What the Greeks Knew

Last week you braved the poached egg
I fixed, mouthed my tapioca but now,
lying in your hospice bed, we simply
hold hands while I whisper soothings back
to your morphic dreams of work days
and kid days and odd, fleeting words
spoken out loud.

Your fingers twitch, exploring my palm
or the pillow that lies beneath our hands,
your fingers touching the material,
weighing it, judging it, making
pincer motions, like holding again
one of your fine-work needles.

Silently, I wonder how much fiber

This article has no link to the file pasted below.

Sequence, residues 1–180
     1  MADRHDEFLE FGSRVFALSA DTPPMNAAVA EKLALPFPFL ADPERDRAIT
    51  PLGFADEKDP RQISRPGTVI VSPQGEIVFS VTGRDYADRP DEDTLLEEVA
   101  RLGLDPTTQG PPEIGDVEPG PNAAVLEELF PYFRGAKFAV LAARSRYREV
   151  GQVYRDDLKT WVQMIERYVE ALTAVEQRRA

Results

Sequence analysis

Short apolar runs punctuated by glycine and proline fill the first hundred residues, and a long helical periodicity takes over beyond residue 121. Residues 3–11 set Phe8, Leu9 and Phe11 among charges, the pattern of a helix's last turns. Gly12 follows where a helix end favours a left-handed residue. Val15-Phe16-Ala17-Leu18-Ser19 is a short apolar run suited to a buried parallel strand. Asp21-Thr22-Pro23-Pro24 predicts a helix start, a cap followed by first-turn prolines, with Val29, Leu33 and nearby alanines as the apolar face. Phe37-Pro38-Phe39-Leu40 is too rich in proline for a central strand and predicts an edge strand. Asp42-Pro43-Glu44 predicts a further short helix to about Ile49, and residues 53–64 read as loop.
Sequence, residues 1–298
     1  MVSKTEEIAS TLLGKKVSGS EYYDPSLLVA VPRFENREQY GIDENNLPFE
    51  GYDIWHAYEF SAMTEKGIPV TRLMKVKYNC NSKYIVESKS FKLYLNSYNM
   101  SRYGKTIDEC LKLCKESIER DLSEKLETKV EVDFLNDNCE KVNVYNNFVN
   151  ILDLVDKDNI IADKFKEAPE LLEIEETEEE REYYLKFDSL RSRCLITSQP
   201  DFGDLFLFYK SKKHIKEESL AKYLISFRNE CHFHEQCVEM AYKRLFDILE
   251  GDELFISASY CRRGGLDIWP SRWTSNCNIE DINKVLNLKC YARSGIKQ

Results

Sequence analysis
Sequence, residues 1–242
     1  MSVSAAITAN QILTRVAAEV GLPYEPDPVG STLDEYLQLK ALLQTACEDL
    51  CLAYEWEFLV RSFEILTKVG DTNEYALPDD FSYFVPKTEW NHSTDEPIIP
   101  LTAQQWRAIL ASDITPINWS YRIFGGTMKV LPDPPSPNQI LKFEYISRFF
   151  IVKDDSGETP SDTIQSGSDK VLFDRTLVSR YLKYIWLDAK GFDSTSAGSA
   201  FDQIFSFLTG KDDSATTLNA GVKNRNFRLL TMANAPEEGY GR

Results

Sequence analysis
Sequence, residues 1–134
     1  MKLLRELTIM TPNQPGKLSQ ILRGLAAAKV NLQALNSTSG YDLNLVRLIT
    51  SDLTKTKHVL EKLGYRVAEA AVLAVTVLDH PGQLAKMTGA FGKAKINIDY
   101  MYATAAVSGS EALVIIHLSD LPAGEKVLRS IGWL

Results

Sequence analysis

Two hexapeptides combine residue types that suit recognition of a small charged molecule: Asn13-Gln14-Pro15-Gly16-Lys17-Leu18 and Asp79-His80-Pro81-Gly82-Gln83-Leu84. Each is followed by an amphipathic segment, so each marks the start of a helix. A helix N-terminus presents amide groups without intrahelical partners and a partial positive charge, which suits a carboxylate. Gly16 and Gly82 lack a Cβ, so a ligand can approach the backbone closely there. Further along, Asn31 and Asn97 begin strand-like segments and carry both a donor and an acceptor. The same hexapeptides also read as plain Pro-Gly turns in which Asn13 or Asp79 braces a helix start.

your Lachesis apportioned out for you?  
How much your Clotho spun, you
with your goats and home-dyed yarns? 

I know Atropos is coming, with her
bright shears, to clip the thread of life,  
but still you feign your sewing by rote,
imaginary needle slipping into the tender
tissue of your dreams, awaiting the inevitable
end of the spool, the skein, the measure
of thread that cross-stitched our lives together.


Yvette Viets Flaten lives in Eau Claire. She is a life member of the WFOP and her award-winning poetry (Muse Prize, Jade Ring) has been widely published. She edited the 1999 Poets’ Calendar. Yvette and husband Dan travel as much as possible, always looking for a new road to adventure.